Hong 2015* - Hong SLS, Howes C, Marcella J, Zucker E, Huang Y. Quality rating and improvement systems: Validation of a local implementation in LA County and children’s school-readiness. Early Childhood Research Quarterly. 2015;30(Part B):227-240. Accessed on August 6, 2018
Jeon 2014* - Jeon L, Buettner CK, Hur E. Examining pre-school classroom quality in a statewide quality rating and improvement system. Child & Youth Care Forum. 2014;43(4):469-487. Accessed on August 2, 2018
Jeon 2015* - Jeon L, Buettner CK. Quality rating and improvement systems and children’s cognitive development. Child & Youth Care Forum. 2015;44(2):191-207. Accessed on August 6, 2018
Ma 2011 - Ma X, Shen J, Kavanaugh A, et al. Effects of quality improvement system for child care centers. Journal of Research in Childhood Education. 2011;25(4):399-414. Accessed on July 15, 2018
OPRE-Tout 2010 - Tout K, Starr R, Soli M, et al. Compendium of quality rating systems and evaluations. Washington, DC: Office of Planning, Research and Evaluation (OPRE), Administration for Children and Families (ACF), US Department of Health and Human Services (US DHHS); 2010. Accessed on July 15, 2018
OPRE-Zaslow 2012 - Zaslow M, Tout K, Halle T. On-site approaches to quality improvement in quality rating and improvement systems: Building on the research on coaching, Research-to-policy, research-to-practice brief OPRE 2012-40. Washington, DC: Office of Planning, Research and Evaluation (OPRE), Administration for Children and Families (ACF), US Department of Health and Human Services (US DHHS); 2012. Accessed on July 15, 2018
RAND-Zellman 2008 - Zellman GL, Perlman M, Le V-N, Setodji CM. Assessing the validity of the Qualistar Early Learning quality rating and improvement system as a tool for improving child-care quality. Santa Monica: RAND Corporation; 2008. Accessed on July 15, 2018
Sabol 2013* - Sabol TJ, Soliday Hong SL, Pianta RC, Burchinal MR. Can rating pre-K programs predict children’s learning? Science. 2013;341(6148):845-846. Accessed on August 6, 2018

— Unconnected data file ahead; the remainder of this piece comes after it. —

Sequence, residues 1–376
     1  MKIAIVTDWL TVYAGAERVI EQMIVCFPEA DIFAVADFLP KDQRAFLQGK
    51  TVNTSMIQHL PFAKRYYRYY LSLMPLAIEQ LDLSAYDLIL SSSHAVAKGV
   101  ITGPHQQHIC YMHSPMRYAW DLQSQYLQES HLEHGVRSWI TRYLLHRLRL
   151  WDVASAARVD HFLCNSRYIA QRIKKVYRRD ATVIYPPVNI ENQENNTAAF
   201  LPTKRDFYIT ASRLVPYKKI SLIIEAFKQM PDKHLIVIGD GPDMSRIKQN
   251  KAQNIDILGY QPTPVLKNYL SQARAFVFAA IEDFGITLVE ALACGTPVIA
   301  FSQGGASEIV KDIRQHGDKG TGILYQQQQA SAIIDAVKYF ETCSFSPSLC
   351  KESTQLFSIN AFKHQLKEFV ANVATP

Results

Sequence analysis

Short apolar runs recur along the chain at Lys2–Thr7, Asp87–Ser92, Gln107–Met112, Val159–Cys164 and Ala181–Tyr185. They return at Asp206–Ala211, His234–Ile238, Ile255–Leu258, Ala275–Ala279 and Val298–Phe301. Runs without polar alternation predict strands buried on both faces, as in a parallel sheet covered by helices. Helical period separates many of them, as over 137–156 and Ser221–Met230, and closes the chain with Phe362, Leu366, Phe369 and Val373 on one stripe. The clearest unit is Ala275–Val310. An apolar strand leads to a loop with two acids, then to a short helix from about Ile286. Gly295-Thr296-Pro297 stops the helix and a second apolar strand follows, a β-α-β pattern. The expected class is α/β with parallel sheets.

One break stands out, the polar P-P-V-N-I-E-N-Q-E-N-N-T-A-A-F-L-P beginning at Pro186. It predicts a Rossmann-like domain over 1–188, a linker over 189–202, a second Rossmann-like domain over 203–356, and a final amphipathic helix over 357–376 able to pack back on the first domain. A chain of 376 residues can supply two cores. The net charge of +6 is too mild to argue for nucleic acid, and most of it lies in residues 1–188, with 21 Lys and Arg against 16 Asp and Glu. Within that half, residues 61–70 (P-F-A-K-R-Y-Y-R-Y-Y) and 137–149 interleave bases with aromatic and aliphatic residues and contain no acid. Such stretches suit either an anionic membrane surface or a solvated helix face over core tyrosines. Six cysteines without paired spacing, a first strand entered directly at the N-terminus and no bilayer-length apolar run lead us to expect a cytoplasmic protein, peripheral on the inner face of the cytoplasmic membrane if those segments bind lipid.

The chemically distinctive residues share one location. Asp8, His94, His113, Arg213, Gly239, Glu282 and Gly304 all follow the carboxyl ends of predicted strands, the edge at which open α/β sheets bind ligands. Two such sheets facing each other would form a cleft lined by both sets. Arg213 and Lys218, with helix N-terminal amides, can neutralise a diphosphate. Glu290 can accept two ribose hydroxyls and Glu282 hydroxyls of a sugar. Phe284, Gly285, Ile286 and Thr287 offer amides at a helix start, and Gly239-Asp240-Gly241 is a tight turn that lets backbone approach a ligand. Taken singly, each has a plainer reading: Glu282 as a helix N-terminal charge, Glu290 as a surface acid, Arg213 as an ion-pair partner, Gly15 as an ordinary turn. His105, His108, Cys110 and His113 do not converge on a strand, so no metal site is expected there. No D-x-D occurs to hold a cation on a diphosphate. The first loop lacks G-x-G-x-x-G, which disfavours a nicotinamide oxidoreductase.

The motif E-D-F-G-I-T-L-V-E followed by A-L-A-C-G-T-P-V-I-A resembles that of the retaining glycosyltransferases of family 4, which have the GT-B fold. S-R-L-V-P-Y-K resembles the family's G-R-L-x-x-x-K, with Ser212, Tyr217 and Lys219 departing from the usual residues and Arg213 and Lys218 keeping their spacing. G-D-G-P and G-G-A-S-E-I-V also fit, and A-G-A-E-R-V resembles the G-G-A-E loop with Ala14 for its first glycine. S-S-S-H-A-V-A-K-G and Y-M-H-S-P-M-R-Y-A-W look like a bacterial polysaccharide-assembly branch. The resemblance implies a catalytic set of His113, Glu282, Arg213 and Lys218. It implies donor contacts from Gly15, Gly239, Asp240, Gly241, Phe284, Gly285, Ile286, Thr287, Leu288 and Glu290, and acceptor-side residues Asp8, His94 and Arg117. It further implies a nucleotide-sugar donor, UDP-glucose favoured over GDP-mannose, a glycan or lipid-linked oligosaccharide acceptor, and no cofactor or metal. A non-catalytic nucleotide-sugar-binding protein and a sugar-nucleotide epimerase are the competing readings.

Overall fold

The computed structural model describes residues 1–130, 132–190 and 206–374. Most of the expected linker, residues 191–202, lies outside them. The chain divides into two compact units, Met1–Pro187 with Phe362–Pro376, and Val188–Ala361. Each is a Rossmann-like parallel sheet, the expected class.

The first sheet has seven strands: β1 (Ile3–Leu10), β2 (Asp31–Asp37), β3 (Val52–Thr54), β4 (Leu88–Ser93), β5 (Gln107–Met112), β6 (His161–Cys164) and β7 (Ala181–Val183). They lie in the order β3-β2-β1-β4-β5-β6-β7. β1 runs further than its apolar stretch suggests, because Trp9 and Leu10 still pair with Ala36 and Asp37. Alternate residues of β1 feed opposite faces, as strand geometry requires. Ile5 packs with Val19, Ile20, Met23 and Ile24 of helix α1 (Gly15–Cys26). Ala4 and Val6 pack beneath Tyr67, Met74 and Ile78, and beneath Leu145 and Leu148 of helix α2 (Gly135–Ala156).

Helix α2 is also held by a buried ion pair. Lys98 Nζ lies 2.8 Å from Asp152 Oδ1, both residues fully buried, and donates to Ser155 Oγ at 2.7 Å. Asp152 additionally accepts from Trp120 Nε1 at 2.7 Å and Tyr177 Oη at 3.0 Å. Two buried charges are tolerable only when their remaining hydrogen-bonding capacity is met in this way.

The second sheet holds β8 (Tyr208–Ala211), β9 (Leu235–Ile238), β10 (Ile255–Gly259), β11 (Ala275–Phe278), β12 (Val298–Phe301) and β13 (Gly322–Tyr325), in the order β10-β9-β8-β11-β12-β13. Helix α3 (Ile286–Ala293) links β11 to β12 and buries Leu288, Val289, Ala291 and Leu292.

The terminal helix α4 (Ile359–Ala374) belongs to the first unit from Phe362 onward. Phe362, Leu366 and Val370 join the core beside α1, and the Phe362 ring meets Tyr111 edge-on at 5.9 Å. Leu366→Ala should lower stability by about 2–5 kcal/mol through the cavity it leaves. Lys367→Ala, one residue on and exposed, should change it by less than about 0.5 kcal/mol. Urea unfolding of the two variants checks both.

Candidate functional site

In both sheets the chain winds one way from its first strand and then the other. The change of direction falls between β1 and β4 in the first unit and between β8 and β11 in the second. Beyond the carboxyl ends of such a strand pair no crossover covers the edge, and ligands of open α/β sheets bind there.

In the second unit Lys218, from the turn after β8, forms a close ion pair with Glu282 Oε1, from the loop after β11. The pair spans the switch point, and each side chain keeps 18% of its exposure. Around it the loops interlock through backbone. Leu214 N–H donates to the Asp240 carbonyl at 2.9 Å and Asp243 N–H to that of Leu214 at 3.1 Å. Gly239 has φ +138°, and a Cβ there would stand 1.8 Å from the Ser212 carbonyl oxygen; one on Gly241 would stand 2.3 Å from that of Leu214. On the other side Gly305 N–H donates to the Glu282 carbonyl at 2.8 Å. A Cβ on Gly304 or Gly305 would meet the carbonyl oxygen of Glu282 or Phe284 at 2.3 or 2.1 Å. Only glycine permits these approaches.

Sabol 2015* - Sabol TJ, Pianta RC. Validating Virginia’s quality rating and improvement system among state-funded pre-kindergarten programs. Early Childhood Research Quarterly. 2015;30(Part B):183-198. Accessed on August 6, 2018
Tout 2011 - Tout K, Starr R, Isner T, et al. Evaluation of parent aware: Minnesota’s quality rating and improvement system pilot. Washington, DC: Child Trends; 2011. Accessed on July 24, 2018
Tout 2013* - Tout K. Look to the stars: Future directions for the evaluation of quality rating and improvement systems. Early Education & Development. 2013;24(1):71–8. Accessed on July 15, 2018

Citations - Implementation

CDC-ECE state 2016 - Centers for Disease Control and Prevention (CDC). Early Care and Education (ECE) State Indicator Report 2016. Accessed on August 6, 2018
Geary 2017 - Geary NA, Dooyema CA, Reynolds MA. Supporting obesity prevention in statewide quality rating and improvement systems: A review of state standards. Preventing Chronic Disease. 2017;14(E129):160518. Accessed on August 6, 2018
Karoly 2013* - Karoly LA, Zellman GL, Perlman M. Understanding variation in classroom quality within early childhood centers: Evidence from Colorado’s quality rating and improvement system. Early Childhood Research Quarterly. 2013;28(4):645–57. Accessed on July 15, 2018
QRIS Network-Map - Quality Rating and Improvement System (QRIS) National Learning Network. Current status of QRIS in states. Accessed on July 15, 2018
Tout 2013* - Tout K. Look to the stars: Future directions for the evaluation of quality rating and improvement systems. Early Education & Development. 2013;24(1):71–8. Accessed on July 15, 2018
WI DCF-YoungStar providers - Wisconsin Department of Children and Families (WI DCF). YoungStar for Providers: Wisconsin's child care Quality Rating & Improvement System. Accessed on July 24, 2018

Page Last Updated

August 6, 2018